Originally posted Feb 1, 2016
RF sins that may not be your fault
Many years ago, I knew an engineer who used to chuckle when he used the term “compromising emanations” to describe unintentional RF output. Today, most of us use the less colorful term “interference” to refer to signals that appear where they should not, or are more powerful than regulations allow. We’re likely more concerned about coexisting in the RF spectrum or violating a standard than we are about revealing something.
Wireless systems seem infinitely capable of generating unintended signals, and one of the more interesting is the rusty bolt effect.
A rusty bolt can form a metal-to-metal oxide connection that is rectifying rather than simply resistive. (Image from Wikimedia Commons)
I recently ran across a discussion of this when looking into the causes and consequences of imperfect connections in RF systems. Though I’ve previously written about connections of various kinds, including coaxial connectors, cables, adapters and waveguide, I’ve focused more on geometry and impedance than metal-to-metal contact.
Dealing with the wrong impedance is one thing, but for some time I’ve wanted to better understand why so many bad electrical contacts tend to be rectifying rather than Ohmic. Not surprisingly, it involves semiconductors. Accidental semiconductors, but semiconductors nonetheless.
Some oxides are conductive and some are insulating, but a number of common metal oxides are semiconductors. Oxidation or other corrosion—say from skin oils—makes it easy to produce a metal-to-semiconductor contact and a resulting nonlinearity.
Voltage/current curves for Ohmic and rectifying contacts. The nonlinear curve of a rectifying contact is essentially that of a diode.
Nonlinear connections are problematic in wireless, primarily because of the RF distortion products they produce. In the simple sinewave case, they create energy at harmonic frequencies, and when multiple signals are present they produce intermodulation distortion. The intermodulation distortion is particularly troublesome because it can appear in-band or in nearby bands, and at many frequencies at once.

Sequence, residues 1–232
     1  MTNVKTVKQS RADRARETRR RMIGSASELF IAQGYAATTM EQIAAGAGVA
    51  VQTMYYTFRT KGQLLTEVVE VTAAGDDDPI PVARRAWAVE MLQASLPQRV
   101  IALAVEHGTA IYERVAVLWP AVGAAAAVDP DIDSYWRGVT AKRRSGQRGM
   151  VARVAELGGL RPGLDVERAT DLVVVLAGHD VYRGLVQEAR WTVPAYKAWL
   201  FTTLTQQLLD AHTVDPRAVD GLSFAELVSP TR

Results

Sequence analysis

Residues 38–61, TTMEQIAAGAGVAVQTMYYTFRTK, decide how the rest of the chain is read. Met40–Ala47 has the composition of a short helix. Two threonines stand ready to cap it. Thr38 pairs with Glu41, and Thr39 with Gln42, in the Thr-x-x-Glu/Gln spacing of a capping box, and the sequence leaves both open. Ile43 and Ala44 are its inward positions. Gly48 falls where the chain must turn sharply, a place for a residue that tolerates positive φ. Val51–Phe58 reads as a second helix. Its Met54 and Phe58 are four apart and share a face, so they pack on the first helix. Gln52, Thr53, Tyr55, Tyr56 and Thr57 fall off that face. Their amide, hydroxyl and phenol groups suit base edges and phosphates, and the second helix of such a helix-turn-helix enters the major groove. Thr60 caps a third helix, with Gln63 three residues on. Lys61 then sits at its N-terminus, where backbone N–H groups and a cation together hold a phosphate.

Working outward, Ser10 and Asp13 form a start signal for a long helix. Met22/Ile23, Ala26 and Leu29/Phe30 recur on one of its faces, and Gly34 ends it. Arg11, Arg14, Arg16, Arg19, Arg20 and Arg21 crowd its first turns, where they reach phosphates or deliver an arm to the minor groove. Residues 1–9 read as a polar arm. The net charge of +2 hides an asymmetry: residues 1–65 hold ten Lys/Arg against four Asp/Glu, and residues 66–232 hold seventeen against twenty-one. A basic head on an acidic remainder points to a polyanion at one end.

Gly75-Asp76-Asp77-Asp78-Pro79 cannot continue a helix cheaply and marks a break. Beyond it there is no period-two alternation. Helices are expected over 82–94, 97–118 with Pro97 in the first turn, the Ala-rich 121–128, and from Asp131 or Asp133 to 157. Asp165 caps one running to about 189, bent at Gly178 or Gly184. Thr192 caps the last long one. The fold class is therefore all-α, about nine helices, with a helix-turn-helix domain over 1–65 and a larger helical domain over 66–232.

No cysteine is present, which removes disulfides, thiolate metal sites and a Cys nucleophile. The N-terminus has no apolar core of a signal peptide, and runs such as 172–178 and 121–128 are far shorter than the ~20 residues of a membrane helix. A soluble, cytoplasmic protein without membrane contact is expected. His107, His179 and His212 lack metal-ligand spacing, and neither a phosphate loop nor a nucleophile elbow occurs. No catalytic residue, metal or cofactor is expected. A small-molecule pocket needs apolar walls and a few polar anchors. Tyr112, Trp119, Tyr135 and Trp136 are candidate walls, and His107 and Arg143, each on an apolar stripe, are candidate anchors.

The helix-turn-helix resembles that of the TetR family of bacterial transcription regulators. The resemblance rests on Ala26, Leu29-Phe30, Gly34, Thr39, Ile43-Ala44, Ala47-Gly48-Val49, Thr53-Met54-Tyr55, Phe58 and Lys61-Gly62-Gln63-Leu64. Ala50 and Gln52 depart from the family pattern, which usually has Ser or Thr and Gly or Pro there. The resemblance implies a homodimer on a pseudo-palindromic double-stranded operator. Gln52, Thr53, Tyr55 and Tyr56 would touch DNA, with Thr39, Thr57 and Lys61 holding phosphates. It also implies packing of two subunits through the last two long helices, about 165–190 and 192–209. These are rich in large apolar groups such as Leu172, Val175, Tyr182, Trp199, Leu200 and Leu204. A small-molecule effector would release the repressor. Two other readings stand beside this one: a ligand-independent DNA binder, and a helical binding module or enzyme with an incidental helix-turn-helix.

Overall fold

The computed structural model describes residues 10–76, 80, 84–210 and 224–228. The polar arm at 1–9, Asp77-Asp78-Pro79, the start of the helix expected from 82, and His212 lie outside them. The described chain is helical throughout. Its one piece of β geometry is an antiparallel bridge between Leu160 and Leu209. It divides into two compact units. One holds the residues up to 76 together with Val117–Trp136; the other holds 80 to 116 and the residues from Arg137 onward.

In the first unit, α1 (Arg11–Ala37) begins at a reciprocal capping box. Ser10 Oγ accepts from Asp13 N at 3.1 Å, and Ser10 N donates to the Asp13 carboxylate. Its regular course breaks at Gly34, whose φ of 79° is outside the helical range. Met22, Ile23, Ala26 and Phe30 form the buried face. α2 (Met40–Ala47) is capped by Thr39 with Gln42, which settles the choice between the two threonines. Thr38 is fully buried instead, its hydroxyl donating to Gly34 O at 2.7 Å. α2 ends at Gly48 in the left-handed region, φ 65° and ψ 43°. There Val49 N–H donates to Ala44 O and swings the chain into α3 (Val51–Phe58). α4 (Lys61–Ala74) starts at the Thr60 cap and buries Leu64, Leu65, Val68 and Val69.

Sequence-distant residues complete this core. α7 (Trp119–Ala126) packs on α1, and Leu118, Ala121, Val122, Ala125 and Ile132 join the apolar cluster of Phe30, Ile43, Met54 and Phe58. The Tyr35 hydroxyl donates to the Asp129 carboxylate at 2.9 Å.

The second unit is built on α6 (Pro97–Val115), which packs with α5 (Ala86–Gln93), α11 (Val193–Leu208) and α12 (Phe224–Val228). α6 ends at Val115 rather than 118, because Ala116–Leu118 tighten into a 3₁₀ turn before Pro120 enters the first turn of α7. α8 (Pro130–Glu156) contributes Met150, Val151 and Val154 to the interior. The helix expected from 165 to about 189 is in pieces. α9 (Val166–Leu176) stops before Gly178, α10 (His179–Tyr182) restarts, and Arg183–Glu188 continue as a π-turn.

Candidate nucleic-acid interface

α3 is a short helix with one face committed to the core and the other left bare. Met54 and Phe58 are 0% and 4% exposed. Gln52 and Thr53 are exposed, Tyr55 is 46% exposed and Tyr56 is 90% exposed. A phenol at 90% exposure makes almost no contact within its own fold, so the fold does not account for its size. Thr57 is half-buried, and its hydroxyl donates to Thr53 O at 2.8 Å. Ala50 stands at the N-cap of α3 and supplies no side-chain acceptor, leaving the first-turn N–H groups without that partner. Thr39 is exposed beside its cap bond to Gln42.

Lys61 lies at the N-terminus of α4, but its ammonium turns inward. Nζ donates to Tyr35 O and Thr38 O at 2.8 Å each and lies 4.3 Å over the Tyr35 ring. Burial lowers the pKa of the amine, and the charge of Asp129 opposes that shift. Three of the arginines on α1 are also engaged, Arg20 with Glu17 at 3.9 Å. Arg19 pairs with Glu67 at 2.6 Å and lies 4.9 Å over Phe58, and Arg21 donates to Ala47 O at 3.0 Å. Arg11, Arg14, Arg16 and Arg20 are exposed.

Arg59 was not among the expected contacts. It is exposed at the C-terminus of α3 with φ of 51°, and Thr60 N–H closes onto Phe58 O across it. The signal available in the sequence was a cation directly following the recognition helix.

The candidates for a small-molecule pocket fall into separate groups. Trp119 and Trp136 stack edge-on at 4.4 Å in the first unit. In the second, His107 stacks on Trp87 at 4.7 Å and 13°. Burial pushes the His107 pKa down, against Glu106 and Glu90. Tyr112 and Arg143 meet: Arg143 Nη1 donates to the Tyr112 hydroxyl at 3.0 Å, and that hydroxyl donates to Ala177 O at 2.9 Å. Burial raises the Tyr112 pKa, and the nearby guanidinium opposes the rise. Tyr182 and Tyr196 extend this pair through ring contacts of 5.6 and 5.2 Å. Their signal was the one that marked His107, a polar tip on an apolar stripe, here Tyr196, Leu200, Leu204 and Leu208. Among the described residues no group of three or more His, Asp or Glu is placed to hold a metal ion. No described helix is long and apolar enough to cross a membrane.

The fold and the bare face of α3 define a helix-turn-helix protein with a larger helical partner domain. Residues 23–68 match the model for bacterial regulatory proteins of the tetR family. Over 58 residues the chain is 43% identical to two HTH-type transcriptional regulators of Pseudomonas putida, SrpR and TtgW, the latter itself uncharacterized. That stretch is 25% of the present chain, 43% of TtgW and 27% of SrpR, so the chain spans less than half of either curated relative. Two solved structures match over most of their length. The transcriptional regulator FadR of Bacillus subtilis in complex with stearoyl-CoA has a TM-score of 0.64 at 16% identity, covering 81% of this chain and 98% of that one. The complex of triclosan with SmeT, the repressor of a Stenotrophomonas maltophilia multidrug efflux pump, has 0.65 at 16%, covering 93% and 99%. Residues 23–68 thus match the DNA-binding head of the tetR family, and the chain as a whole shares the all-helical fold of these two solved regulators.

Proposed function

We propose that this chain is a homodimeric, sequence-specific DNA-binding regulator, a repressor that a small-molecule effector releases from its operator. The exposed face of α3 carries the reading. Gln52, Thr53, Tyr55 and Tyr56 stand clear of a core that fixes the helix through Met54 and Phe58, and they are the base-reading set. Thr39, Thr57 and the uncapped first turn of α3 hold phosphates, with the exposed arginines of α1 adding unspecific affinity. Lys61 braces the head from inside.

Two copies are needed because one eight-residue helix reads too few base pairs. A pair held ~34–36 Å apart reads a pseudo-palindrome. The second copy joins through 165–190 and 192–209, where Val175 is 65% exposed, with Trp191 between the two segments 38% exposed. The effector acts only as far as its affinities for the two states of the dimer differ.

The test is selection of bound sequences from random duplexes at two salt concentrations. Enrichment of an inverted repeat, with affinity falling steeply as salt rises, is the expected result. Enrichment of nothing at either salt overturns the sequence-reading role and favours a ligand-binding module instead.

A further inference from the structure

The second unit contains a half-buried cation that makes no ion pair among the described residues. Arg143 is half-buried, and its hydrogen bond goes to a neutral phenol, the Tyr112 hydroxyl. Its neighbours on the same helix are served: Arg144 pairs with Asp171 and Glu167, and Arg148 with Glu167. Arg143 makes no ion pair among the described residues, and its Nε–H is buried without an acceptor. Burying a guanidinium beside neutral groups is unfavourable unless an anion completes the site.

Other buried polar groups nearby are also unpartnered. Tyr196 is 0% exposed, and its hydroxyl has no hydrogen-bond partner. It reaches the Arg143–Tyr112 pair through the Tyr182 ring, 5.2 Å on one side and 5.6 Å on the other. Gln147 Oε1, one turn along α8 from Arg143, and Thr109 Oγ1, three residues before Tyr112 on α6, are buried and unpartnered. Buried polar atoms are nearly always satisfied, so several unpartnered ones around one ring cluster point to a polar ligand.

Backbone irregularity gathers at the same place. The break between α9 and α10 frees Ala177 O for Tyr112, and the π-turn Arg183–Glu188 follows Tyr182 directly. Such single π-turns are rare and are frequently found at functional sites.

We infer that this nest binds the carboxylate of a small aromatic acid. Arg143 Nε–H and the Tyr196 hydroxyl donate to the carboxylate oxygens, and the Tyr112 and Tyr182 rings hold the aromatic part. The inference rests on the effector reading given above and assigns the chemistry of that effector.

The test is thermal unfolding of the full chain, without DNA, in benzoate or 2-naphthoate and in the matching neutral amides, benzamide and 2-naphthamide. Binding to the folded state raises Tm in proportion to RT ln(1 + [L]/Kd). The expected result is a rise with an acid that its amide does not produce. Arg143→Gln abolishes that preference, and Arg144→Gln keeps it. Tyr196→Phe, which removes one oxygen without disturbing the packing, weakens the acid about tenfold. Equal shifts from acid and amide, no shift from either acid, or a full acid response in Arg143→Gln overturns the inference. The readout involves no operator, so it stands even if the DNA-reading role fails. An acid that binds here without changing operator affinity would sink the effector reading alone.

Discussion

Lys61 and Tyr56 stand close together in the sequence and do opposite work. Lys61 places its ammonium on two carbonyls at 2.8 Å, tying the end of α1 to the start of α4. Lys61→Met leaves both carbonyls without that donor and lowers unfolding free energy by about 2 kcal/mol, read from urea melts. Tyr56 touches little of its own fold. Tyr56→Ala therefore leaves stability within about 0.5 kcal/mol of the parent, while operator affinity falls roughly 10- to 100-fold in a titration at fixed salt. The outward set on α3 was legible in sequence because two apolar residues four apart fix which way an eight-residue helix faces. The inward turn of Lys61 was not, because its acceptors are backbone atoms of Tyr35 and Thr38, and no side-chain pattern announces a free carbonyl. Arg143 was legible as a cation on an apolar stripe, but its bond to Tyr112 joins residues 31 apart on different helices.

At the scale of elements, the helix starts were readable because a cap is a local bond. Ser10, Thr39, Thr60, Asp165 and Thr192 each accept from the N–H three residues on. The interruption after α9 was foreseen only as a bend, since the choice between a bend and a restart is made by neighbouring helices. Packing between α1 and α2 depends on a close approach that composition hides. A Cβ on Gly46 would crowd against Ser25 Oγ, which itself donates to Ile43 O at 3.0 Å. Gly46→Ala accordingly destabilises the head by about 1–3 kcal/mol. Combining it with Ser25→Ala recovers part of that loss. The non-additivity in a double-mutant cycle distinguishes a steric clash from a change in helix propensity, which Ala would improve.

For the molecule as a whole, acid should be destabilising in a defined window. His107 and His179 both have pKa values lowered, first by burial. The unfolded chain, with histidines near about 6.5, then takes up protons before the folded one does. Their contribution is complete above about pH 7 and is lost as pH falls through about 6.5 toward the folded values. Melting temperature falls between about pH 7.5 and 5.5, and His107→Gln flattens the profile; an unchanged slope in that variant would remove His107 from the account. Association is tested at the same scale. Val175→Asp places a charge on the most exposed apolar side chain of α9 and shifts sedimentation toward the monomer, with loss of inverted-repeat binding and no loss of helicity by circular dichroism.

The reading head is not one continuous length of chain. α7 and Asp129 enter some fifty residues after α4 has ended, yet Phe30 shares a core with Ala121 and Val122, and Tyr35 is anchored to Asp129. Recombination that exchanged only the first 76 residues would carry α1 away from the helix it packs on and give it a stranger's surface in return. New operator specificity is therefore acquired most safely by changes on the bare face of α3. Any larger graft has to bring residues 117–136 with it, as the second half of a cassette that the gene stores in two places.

Modern multi-channel systems, including base stations and carrier-aggregation schemes, create many simultaneous signals to “exercise” these nonlinearities and create distortion products. The distortion may be described as passive intermodulation (PIM) because it’s generated without powered elements. The rusty bolt example involves high currents through imperfect antenna or metal structure connections, though wireless systems offer many other opportunities for nonlinear mischief.
One of the most maddening characteristics of this phenomenon is its elusive nature. Outdoor antennas are subject to strain from wind and temperature changes as well as weathering from salt air or acid rain. Nonlinearities can appear and disappear, seemingly at random. Even indoor wireless transmitters have to contend with mechanical stresses, changing humidity and temperature, and contamination of all kinds.
In many cases, astute mechanical design and mitigation of oxidation or contamination will help eliminate nonlinear connections. Because Ohmic metal-to-semiconductor connections are essential to their products, semiconductor manufacturers are a good source of information and techniques.
At some point, of course, you need to make spectrum measurements to find intermodulation problems or verify that emissions are within limits. Signal analyzes do the job well, and many measurement applications are available for popular standards to automate setup, perform measurements, and provide pass/fail results. They’re the most efficient way to ensure you avoid sins that you’d rather not be blamed for.